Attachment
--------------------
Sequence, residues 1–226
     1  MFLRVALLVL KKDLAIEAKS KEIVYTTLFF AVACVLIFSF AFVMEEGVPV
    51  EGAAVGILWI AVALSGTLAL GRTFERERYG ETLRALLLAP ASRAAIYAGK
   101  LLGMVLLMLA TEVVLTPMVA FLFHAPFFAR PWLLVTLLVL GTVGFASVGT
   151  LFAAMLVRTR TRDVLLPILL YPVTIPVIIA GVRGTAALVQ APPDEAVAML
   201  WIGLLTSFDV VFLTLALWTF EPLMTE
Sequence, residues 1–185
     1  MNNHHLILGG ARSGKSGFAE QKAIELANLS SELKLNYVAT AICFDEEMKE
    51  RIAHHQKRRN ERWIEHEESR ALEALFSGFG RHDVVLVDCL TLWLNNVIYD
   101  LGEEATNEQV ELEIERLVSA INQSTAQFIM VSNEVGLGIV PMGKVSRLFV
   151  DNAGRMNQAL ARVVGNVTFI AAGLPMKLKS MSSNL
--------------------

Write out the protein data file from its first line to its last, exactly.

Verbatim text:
Sequence, residues 1–226
     1  MFLRVALLVL KKDLAIEAKS KEIVYTTLFF AVACVLIFSF AFVMEEGVPV
    51  EGAAVGILWI AVALSGTLAL GRTFERERYG ETLRALLLAP ASRAAIYAGK
   101  LLGMVLLMLA TEVVLTPMVA FLFHAPFFAR PWLLVTLLVL GTVGFASVGT
   151  LFAAMLVRTR TRDVLLPILL YPVTIPVIIA GVRGTAALVQ APPDEAVAML
   201  WIGLLTSFDV VFLTLALWTF EPLMTE
Sequence, residues 1–185
     1  MNNHHLILGG ARSGKSGFAE QKAIELANLS SELKLNYVAT AICFDEEMKE
    51  RIAHHQKRRN ERWIEHEESR ALEALFSGFG RHDVVLVDCL TLWLNNVIYD
   101  LGEEATNEQV ELEIERLVSA INQSTAQFIM VSNEVGLGIV PMGKVSRLFV
   151  DNAGRMNQAL ARVVGNVTFI AAGLPMKLKS MSSNL